What is Project Based Learning

What is PBL - main image

What is Project Based Learning at Strawberry Vale School?

We believe that Project Based Learning (PBL) provides students with the opportunity to realize their individual power to effect positive change on local and global issues. We understand the importance of students having a voice and choice. In Project Based Learning the experiences become meaningful as students connect the topics to their own lives. Our role is to guide them through authentic, relevant experiential learning opportunities that are tied to curriculum outcomes, to provide structure for collaborative decision making related to inquiry, planning and research, and to give them the tools they need to share their knowledge in a way that is meaningful to them and their audience.

At Strawberry Vale our school grounds provide a wealth of opportunities for students to interact with nature and employ PBL learning methods. We have a Garry Oak meadow, a native plant garden, a stream, and a school pond that serve as outdoor classrooms. We are planning for the creation of the Strawberry Vale Nature Play Perimeter Pathway to provide even more outdoor learning opportunities.

Environmental responsibility is a key part of who we are as a school. PBL topics being planned for our students will extend out from local to global environmental stewardship. Asking driving questions about nature in our immediate vicinity will be linked to the health of our planet.

Our school also provides a great deal of opportunities for students to excel with the use of technology as a tool to enhance their learning. We are well equipped with iPads, document cameras, smart boards and MacBooks that students and teachers learn in a variety of ways to enhance the learning/teaching/communicating cycle. We are exploring ways to connect the use of technology with our nature school studies. We are also planning several professional development activities so the entire school can progress on our goals.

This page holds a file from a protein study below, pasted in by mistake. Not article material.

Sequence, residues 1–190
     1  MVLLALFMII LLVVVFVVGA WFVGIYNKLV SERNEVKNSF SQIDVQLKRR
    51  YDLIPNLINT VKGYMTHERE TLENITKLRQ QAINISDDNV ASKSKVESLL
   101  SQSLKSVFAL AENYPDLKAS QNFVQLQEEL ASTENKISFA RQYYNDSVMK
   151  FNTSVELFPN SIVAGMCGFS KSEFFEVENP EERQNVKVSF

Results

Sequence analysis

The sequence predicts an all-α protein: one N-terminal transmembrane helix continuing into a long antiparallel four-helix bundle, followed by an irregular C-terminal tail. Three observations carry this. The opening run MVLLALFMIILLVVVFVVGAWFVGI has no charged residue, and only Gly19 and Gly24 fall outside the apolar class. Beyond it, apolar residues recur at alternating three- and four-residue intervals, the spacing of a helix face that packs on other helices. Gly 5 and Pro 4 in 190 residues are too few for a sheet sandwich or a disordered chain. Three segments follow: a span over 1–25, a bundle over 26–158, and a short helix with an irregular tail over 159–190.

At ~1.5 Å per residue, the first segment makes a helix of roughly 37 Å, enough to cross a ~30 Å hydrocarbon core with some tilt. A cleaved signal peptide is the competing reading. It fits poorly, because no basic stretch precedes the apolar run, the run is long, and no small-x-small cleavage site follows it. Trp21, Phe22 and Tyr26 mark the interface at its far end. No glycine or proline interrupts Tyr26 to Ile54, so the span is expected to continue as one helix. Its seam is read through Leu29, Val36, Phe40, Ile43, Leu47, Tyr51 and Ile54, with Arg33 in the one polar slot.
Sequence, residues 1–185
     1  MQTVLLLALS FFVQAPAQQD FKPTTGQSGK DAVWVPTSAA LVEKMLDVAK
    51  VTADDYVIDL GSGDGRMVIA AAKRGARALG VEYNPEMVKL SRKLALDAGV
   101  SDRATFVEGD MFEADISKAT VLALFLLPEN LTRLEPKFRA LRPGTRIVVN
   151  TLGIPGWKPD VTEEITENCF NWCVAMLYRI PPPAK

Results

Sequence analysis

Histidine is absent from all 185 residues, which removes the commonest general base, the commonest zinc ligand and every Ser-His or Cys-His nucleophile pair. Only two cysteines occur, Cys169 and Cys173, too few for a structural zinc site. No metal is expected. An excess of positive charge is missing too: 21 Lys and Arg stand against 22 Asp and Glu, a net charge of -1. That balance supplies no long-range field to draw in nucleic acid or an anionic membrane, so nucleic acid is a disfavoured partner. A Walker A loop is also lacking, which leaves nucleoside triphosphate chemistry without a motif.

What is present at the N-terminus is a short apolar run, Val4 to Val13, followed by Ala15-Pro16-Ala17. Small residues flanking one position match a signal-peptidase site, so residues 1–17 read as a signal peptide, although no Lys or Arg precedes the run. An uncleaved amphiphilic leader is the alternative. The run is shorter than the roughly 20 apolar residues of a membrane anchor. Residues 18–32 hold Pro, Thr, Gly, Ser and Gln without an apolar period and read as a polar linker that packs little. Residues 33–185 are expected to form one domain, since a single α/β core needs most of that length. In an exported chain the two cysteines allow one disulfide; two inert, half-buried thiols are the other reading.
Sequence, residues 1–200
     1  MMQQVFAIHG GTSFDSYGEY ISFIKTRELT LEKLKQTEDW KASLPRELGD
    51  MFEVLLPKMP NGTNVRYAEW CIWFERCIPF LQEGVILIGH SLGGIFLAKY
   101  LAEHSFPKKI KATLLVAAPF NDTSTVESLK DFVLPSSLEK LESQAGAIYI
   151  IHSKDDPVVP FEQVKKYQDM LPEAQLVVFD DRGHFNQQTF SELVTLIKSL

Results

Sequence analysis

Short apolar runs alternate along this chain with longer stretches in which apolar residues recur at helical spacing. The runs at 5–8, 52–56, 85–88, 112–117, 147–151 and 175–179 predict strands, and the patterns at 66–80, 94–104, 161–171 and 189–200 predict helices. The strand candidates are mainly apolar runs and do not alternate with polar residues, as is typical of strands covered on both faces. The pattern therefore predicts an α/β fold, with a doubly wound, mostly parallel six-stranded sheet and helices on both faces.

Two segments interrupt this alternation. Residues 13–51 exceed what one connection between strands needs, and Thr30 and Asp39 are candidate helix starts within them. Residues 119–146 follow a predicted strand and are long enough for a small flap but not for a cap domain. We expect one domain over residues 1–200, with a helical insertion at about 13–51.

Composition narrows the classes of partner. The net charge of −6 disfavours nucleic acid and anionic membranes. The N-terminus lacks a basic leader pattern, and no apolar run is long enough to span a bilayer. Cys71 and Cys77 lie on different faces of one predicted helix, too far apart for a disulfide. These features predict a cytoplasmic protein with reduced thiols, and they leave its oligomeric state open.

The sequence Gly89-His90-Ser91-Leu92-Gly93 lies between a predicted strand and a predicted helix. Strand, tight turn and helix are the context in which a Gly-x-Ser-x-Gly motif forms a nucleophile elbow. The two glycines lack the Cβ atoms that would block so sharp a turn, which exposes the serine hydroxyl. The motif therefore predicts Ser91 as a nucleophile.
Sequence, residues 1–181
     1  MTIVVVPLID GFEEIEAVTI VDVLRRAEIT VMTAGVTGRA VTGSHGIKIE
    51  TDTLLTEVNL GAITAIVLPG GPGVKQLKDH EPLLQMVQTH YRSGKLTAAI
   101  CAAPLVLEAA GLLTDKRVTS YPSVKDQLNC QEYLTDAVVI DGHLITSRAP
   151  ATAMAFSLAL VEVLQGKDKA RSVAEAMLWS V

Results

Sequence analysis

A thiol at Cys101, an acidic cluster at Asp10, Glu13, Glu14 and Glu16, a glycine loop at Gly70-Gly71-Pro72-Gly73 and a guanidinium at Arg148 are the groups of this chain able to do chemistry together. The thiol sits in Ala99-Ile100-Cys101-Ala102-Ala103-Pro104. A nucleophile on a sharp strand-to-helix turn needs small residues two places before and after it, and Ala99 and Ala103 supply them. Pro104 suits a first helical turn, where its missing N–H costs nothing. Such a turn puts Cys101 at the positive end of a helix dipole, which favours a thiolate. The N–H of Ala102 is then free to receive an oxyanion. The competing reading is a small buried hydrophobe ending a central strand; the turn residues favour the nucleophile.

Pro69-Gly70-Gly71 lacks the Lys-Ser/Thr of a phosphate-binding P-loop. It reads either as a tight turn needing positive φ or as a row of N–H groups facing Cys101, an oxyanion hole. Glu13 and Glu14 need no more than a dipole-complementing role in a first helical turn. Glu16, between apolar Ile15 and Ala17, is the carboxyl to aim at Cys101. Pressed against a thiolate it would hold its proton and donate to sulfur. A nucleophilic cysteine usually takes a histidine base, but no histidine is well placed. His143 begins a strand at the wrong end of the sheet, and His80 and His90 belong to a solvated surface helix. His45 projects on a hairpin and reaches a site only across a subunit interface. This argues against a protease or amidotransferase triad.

We are applying for Project Based Learning Grants to facilitate the innovation of technology linked to nature education learning. We will purchase portable devices such as ipod minis, ipod stands and ipod carrying cases to create a bridge between our outdoor resources and our existing technology and use these devices to enable the inter-connection of outdoor and indoor experiences as an integral part of project based learning experiences planned for our students. We also plan to create outdoor education products like Nature Education Kits for each pod that include class sets of nature bags with guides, binoculars, magnifiers, and clip boards.